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  • Image not available. In the absence of a history of gout, asymptomatic hyperuricemia may not require treatment.
  • Image not available. Acute gouty arthritis may be treated effectively with short courses of high-dose nonsteroidal antiinflammatory drugs (NSAIDs), corticosteroids, or colchicine.
  • Image not available. Low-dose colchicine is highly effective at relieving acute attacks of gout; dose titration leads to more adverse effects but does not improve efficacy.
  • Image not available. Treatment with urate-lowering drugs to reduce risk of recurrent attacks of gouty arthritis is considered cost-effective for patients having two or more attacks of gout per year.
  • Image not available. Xanthine oxidase inhibitors are efficacious for the prophylaxis of recurrent gout attacks in both underexcreters and overproducers of uric acid. Either allopurinol or febuxostat should be initiated in patients with one of the following indications for urate-lowering therapy: (a) two or more gout attacks per year, (b) the presence of one or more tophus, (c) chronic kidney disease (stage 2 or worse), or (d) a history of urolithiasis. The dose of the xanthine oxidase inhibitor should be titrated to a goal serum urate concentration of <6 mg/dL (or <5 mg/dL if signs of gout persist at a level of 6 mg/dL).
  • Image not available. Uricosuric agents should be avoided for patients with renal impairment [a creatinine clearance below 50 mL/min (0.84 mL/s)], a history of renal calculi, or overproduction of uric acid.
  • Image not available. Low-dose colchicine, NSAID, or corticosteroid therapy should be administered during the first 3 to 6 months of urate-lowering therapy to minimize the risk of acute gout attacks that may occur during this initiation period.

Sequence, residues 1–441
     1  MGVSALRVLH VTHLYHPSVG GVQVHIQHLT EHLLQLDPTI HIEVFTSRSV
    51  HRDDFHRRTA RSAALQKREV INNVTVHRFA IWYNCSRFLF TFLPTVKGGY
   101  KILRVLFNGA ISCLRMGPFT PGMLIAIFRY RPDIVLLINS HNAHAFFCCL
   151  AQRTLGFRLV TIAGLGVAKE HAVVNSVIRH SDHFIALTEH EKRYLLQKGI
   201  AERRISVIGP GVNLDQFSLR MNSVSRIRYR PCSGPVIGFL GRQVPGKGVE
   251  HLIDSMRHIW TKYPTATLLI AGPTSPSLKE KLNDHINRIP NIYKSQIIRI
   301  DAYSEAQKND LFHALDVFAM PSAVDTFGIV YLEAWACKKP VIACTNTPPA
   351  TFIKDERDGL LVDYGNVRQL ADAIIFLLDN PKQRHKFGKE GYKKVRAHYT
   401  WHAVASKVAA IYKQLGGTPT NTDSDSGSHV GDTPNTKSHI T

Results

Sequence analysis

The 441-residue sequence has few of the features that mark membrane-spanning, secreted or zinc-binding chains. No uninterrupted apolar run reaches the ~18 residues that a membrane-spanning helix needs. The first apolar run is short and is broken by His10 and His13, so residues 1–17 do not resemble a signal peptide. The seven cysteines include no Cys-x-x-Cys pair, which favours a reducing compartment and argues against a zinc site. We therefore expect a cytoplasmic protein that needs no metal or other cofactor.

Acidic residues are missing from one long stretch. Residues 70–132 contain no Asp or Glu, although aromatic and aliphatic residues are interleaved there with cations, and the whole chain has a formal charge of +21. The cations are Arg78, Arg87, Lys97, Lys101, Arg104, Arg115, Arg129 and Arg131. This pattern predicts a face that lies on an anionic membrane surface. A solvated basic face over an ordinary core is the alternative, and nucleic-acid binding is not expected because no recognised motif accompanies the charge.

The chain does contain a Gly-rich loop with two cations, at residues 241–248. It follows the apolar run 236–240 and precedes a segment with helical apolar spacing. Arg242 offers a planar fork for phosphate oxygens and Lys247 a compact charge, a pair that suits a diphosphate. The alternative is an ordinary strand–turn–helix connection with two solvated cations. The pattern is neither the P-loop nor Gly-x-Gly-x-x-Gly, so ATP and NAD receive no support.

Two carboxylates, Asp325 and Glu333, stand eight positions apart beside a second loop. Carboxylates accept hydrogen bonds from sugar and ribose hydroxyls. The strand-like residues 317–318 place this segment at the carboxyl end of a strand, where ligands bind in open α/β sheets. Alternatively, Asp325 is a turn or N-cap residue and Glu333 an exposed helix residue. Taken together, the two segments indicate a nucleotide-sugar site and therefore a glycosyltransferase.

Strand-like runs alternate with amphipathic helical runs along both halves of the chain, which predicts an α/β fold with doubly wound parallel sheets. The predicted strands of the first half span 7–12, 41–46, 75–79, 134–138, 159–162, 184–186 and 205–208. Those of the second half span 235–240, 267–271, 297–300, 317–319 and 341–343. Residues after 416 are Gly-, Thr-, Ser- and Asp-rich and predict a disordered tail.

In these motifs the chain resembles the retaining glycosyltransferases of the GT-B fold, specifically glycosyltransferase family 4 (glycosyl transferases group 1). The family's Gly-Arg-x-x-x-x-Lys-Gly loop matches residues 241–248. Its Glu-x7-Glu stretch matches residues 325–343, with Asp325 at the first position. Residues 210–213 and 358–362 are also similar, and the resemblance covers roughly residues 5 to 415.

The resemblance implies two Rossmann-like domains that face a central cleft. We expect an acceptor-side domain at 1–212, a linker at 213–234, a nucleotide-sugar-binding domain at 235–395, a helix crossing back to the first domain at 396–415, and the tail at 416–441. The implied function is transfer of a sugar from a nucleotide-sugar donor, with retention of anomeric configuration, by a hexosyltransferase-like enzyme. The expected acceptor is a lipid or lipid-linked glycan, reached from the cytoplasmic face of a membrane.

• Image not available. Uric acid nephrolithiasis should be treated with adequate hydration (2 to 3 L/day), a daytime urine-alkalinizing agent, and 60 to 80 mEq/day (60 to 80 mmol/L) of potassium bicarbonate or potassium citrate.
  • Image not available. Patients with hyperuricemia or gout should undergo comprehensive evaluation for signs and symptoms of cardiovascular disease, and aggressive management of cardiovascular risk factors (i.e., weight loss, reduction of alcohol intake, control of blood pressure, glucose, and lipids) should be undertaken as indicated.

After reviewing this chapter, the reader should be able to:

  1. Describe the clinical manifestations of hyperuricemia.

  2. Explain the pathophysiology of gout and hyperuricemia.

  3. Describe comorbidities that are commonly associated with gout.

  4. Differentiate the clinical presentation of the various forms of gout.

  5. Identify the most common anatomic sites affected in acute gouty arthritis.

  6. Determine the likelihood of nephrolithiasis for patients with hyperuricemia based on urinary pH and uric acid excretion rates.

  7. Differentiate the two types of gouty nephropathy based on pathophysiologic mechanisms.

  8. Identify the most common sites of tophaceous gout.

  9. Formulate a plan for treating acute gouty arthritis for a patient who has been symptomatic for more than 36 hours.

  10. Formulate a plan for treating acute gouty arthritis for a patient with recent (<24 hours) onset.

  11. Recommend treatment for acute gouty arthritis for a patient who is unresponsive to colchicine or nonsteroidal antiinflammatory therapy.

  12. Develop a treatment plan for uric acid nephrolithiasis.

  13. Identify patients with gout in whom urate-lowering therapy should be implemented.

  14. Recommend appropriate urate-lowering therapy for an individual taking into consideration patient-specific characteristics (eg. renal function).

  15. Evaluate both the safety and efficacy of response to urate-lowering therapy.

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